The city of St. Helena is facing a $12.8-$14 million price tag for a new City Hall and $16 million for a new library.
Even remodeling the existing library into a new City Hall would cost approximately $8.5-$10 million, according to estimates presented Tuesday to the council by consultants Noll & Tam Architects.
The council asked Noll & Tam to prepare rough sketches and cost estimates for four options involving City Hall, the library, a new multi-purpose room/council chambers, a new Parks & Rec building at Crane Park, and improvements to Lyman Park.
The four options ranged from $41.7 million to $45.3 million, not including an optional underground parking garage ($4.1-$4.6 million). Noll & Tam’s estimates are for construction costs only and don’t include 20-30% soft costs and cost escalation of about 5% per year.
A multi-purpose room/council chambers that could host council meetings and community events was estimated at $8.5 million. A Parks & Rec building was estimated at $7.4 million.
The estimates are based on construction costs of $900-$1,157 per square foot for new construction and $600-$626 for renovations.
The council didn’t take action or identify a preferred option on Tuesday. City Manager Mark Prestwich said he would come back in a few weeks to propose a citizen-based expert task force to evaluate the city’s funding options and consider site selection.
A rough timetable calls for the task force to be in place before the Christmas holiday, with possible council action in April 2020.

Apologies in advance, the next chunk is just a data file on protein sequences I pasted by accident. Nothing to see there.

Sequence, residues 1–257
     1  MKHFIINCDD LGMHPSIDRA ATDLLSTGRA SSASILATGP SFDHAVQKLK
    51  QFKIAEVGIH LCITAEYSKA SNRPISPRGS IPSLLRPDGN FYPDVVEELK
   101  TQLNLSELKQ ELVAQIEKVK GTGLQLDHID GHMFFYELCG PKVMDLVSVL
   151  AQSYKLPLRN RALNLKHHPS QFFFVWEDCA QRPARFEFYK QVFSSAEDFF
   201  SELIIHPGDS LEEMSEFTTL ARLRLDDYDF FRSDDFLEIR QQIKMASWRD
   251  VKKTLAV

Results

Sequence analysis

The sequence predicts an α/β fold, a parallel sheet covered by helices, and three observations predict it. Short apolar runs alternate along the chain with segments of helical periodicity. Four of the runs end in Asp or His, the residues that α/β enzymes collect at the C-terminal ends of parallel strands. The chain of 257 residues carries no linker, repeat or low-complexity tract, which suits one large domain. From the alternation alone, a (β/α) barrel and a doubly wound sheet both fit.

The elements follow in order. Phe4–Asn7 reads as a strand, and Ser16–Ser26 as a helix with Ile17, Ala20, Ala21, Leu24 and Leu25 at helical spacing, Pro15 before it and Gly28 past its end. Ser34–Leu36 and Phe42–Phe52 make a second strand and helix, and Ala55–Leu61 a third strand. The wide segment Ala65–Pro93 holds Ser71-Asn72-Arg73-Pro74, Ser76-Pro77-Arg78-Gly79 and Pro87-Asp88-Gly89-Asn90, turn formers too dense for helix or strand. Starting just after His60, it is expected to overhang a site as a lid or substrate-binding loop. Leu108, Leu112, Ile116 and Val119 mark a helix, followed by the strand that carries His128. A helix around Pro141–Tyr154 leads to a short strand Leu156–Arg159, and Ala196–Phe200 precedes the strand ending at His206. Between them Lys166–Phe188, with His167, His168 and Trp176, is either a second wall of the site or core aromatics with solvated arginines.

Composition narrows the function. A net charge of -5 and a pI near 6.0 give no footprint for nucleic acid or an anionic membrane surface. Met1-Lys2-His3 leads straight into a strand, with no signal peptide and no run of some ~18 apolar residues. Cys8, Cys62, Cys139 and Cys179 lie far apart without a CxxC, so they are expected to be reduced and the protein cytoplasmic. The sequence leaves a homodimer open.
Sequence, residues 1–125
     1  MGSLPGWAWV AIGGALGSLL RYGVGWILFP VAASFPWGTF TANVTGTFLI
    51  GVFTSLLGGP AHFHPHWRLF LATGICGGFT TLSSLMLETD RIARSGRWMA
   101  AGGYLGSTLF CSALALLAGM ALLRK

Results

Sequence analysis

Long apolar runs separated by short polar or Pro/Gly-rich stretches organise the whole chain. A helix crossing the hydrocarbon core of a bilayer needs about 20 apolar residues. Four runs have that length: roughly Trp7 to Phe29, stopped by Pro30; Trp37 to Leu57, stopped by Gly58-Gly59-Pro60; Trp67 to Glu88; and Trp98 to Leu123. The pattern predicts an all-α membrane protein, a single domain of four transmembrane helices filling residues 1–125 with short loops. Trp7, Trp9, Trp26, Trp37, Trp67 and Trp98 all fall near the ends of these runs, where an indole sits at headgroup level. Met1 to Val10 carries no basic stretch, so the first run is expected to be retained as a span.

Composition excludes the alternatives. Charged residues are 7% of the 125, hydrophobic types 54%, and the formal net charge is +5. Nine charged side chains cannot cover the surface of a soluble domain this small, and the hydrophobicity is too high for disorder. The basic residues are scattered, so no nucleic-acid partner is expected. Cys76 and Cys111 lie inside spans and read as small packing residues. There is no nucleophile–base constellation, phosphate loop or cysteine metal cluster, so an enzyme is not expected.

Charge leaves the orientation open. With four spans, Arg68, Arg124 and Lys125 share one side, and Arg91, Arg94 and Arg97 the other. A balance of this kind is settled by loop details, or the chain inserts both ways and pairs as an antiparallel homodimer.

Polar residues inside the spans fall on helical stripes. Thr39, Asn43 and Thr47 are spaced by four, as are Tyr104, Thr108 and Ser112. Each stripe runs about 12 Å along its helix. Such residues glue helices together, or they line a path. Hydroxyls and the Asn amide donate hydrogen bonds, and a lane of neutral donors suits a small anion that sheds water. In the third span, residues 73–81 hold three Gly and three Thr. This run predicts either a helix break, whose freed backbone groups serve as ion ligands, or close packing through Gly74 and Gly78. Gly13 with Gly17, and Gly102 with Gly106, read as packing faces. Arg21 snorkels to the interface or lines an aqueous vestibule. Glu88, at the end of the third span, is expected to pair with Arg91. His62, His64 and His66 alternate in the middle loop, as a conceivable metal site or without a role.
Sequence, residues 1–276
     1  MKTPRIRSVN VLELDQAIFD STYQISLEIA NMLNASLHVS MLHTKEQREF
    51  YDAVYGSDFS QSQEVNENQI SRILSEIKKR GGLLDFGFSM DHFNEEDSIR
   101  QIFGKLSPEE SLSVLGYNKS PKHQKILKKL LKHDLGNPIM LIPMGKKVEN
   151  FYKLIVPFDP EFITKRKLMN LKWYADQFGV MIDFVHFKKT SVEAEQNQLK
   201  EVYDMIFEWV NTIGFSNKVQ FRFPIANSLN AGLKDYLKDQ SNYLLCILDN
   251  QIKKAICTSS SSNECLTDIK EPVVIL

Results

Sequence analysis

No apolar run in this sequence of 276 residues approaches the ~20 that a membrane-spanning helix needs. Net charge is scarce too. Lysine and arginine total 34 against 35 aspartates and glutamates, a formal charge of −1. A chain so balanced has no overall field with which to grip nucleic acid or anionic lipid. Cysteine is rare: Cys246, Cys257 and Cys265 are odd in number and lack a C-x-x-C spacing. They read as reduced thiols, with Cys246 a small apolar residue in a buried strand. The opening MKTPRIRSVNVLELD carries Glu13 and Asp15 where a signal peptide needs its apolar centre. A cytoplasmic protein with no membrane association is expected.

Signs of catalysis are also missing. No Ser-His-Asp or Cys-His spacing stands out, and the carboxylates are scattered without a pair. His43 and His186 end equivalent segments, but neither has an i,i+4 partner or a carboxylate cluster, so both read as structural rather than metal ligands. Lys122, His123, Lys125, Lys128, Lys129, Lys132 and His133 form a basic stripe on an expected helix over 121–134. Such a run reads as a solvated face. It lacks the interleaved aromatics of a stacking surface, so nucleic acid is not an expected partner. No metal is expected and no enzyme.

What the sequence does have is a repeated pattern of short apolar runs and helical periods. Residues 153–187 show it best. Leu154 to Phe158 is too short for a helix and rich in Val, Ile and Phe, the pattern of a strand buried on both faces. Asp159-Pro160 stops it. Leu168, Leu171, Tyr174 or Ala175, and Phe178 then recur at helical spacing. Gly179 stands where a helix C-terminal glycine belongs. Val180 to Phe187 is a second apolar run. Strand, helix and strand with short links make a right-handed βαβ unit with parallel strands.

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All four options place City Hall on the Adams Street property along Library Lane. A few members of the public urged the council to consider a fifth option that wasn’t among the council’s original list: Rebuilding City Hall on its current site and remodeling the library.
“It seems to make a lot of common sense to leave City Hall downtown … and leave the library alone,” said Tom Faherty. “Everybody loves the library where it is and loves the way it is. Just ask the people who use it and staff it.”
What Faherty and others called “Option 5” was one of the options proposed by the SHAPE Committee, which evaluated the city’s public facilities in 2017-2018.
Mayor Geoff Ellsworth said that option and others mentioned in the SHAPE Committee’s report “are still on the table.”
Prestwich said Noll & Tam’s estimates are “plug and play,” meaning that the cost to build a particular building at one site would be roughly the same as building it somewhere else.
Councilmember Mary Koberstein defended the council’s decision to focus on City Hall on Library Lane and reserve the City Hall site for a different use that could benefit downtown businesses.
“We decided we should at least look at whether something could happen on the City Hall property that would be more than an office building,” she said. “Something that would not be closed at night, that would not be closed all weekend, that might be able to do something to help the downtown.”